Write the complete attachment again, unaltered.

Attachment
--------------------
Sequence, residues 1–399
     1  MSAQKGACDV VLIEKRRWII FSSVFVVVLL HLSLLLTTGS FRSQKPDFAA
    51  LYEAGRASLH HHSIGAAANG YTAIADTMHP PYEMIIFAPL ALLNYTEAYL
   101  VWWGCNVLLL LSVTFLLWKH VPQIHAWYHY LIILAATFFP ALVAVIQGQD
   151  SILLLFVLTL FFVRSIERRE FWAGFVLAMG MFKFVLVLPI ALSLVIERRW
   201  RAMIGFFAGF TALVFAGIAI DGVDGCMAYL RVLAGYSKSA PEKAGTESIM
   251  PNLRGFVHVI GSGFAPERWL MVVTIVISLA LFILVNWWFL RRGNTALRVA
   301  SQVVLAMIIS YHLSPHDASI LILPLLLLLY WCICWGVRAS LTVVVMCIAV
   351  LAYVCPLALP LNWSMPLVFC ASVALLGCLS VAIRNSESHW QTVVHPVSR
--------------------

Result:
Sequence, residues 1–399
     1  MSAQKGACDV VLIEKRRWII FSSVFVVVLL HLSLLLTTGS FRSQKPDFAA
    51  LYEAGRASLH HHSIGAAANG YTAIADTMHP PYEMIIFAPL ALLNYTEAYL
   101  VWWGCNVLLL LSVTFLLWKH VPQIHAWYHY LIILAATFFP ALVAVIQGQD
   151  SILLLFVLTL FFVRSIERRE FWAGFVLAMG MFKFVLVLPI ALSLVIERRW
   201  RAMIGFFAGF TALVFAGIAI DGVDGCMAYL RVLAGYSKSA PEKAGTESIM
   251  PNLRGFVHVI GSGFAPERWL MVVTIVISLA LFILVNWWFL RRGNTALRVA
   301  SQVVLAMIIS YHLSPHDASI LILPLLLLLY WCICWGVRAS LTVVVMCIAV
   351  LAYVCPLALP LNWSMPLVFC ASVALLGCLS VAIRNSESHW QTVVHPVSR